India, Japan, Indonesia and Malaysia. She said that, for nonagricultural imports, the Philippines was limited to imposing on average a rate of 23.4%, but the average applied rate was 4.3%. For agricultural imports covered by trade agreements, the Philippines had an average bound tariff rate of 34.7%, but only had an 8% average applied rate.
Trade lawyer Jeremy I. Gatdula, however, said tariff rates in Hong Kong and Singapore were low compared to the Philippines. But this did not mean they were performing poorly. “Malaysia may have higher average tariffs. but it’s not something we need to follow. Malaysia is essentially different from the Philippines, just as the US is different as well.” Mr. Gatdula
said discussions should not be focused on raising tariffs but on finding out “what works for
Lilia R. Bautista, a former Trade undersecretary, said it may be “misleading” to compare
Philippine tariff rates with other countries, saying that most nations normally had a high
average bound rate and a lower average applied rate. She also said that although there is
a constitutional question on the Executive’s entering into trade agreements, ratification by
Congress allowed legislative participation.
Energy Sec. Raphael P.M. Lotilla, who was also present in the talk, said Congress may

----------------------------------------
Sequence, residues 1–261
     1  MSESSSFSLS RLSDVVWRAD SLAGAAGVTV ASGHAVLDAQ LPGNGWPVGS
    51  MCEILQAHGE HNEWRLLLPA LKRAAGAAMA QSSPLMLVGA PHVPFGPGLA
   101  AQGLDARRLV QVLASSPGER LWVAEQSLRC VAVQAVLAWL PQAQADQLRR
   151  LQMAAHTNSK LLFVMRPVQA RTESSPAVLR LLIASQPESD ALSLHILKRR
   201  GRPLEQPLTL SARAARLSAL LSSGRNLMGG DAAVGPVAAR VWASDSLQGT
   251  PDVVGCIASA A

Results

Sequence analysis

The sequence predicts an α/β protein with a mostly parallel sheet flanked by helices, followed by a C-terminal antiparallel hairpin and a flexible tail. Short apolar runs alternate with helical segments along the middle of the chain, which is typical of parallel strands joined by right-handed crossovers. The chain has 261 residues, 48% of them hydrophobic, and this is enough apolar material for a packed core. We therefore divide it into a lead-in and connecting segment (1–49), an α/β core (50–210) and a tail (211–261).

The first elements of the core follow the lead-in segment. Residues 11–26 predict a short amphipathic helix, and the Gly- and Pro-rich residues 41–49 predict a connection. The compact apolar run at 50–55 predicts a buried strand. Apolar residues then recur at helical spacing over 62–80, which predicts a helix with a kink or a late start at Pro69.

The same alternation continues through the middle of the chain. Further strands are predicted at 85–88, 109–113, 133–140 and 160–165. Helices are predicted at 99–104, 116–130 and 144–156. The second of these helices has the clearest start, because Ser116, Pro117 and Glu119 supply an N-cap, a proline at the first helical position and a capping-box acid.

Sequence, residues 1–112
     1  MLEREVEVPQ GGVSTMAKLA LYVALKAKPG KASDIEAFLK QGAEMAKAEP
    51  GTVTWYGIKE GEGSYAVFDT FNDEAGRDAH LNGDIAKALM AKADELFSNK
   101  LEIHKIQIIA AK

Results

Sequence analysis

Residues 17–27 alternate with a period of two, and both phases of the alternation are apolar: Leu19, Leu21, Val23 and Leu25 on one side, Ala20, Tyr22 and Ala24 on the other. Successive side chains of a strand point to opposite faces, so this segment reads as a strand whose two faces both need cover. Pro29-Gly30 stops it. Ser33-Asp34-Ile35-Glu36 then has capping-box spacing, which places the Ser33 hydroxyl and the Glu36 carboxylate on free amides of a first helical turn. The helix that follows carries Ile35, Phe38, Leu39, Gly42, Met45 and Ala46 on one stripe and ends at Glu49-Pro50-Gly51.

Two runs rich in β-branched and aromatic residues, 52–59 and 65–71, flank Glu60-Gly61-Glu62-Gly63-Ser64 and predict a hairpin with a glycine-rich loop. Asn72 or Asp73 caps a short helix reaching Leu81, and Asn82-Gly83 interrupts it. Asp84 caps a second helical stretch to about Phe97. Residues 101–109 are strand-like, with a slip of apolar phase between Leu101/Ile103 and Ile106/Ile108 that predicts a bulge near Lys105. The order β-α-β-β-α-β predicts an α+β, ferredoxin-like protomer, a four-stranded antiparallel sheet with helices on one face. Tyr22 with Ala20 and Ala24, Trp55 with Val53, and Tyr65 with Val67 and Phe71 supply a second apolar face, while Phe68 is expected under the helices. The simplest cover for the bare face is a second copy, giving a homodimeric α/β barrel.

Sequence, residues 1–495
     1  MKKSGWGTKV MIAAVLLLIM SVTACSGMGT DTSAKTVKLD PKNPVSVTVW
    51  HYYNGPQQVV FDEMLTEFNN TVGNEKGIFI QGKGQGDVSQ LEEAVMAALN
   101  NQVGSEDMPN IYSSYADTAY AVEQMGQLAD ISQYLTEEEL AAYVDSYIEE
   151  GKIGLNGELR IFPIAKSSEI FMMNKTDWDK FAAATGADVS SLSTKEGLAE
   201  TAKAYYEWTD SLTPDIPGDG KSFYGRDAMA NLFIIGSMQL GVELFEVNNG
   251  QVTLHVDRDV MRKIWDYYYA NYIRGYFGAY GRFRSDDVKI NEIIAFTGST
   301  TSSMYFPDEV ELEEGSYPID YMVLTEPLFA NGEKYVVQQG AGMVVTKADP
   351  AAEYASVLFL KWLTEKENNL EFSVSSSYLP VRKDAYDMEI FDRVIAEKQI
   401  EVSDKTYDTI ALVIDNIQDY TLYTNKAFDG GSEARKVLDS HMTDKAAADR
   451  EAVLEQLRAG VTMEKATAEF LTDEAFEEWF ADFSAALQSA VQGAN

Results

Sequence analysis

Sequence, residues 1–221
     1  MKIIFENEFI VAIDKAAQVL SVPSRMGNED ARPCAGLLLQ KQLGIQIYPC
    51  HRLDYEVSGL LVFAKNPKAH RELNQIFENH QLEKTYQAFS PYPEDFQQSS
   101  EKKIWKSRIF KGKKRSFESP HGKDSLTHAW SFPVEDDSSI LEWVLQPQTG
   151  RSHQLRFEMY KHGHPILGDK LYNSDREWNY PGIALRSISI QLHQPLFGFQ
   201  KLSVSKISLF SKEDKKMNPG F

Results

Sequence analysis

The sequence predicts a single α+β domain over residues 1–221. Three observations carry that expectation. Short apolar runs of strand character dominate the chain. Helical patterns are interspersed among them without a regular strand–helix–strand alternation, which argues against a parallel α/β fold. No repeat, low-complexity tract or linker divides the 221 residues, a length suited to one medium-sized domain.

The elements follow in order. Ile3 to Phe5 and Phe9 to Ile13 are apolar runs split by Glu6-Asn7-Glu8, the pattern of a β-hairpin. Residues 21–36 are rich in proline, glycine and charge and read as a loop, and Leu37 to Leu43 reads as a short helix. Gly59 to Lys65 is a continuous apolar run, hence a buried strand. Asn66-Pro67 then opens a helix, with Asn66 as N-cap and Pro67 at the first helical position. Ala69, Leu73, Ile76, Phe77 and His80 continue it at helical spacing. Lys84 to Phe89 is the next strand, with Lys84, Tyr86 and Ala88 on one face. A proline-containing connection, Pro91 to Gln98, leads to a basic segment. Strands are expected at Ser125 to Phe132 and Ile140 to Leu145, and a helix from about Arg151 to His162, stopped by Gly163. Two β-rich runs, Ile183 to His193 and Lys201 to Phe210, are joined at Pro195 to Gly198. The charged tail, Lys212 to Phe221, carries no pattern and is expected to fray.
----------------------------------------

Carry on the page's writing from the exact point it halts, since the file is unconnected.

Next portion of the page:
appreciate the convenience of allowing the Executive to propose changes to tariff regimes,
leaving the legislature to ratify the agreements containing these changes. Mr. Lotilla, a former
Economic Planning official, said it may be “more cumbersome” if the legislature will
have to draft their versions of a bill based on the proposals of the Executive, adding that the
Tariff Commission also went through the process of conducting public hearings.
Tariffs, as I mentioned during my talk, are but instruments of our national will. It's effectiveness (whether it be the lowering or increase thereof) depends on how well that instrument is used in conjunction with other factors that are peculiar to our society. It is therefore not substantially worth arguing that US did this or Malaysia (which, it must be emphasized, was considered in one international ranking as having an economy more open than that of the Philippines despite the alleged higher average tariffs) or Singapore or Hong Kong or Korea did so and so because those countries are evidently not the Philippines.
I also stressed the need to create well defined rules that distinguish treaties from executive agreements, particularly as the Philippines is in the process of either negotiating or entering into a number of trade agreements within the coming months.
It's also time we stop resorting to labels, whether it be protectionists or free traders as such just denigrate the arguments into simplistic categories that do nothing to help arrive at solutions. We should therefore stop referring to protectionists as "nationalists" (as the latter doesn't necessarily follow the former) and trade liberalization advocates (not free traders) as "globalists" (most of the trade libbers I know are highly nationalistic individuals). In the end, we are all Filipinos, of different persuasions maybe, but with the same purpose (hopefully) in mind.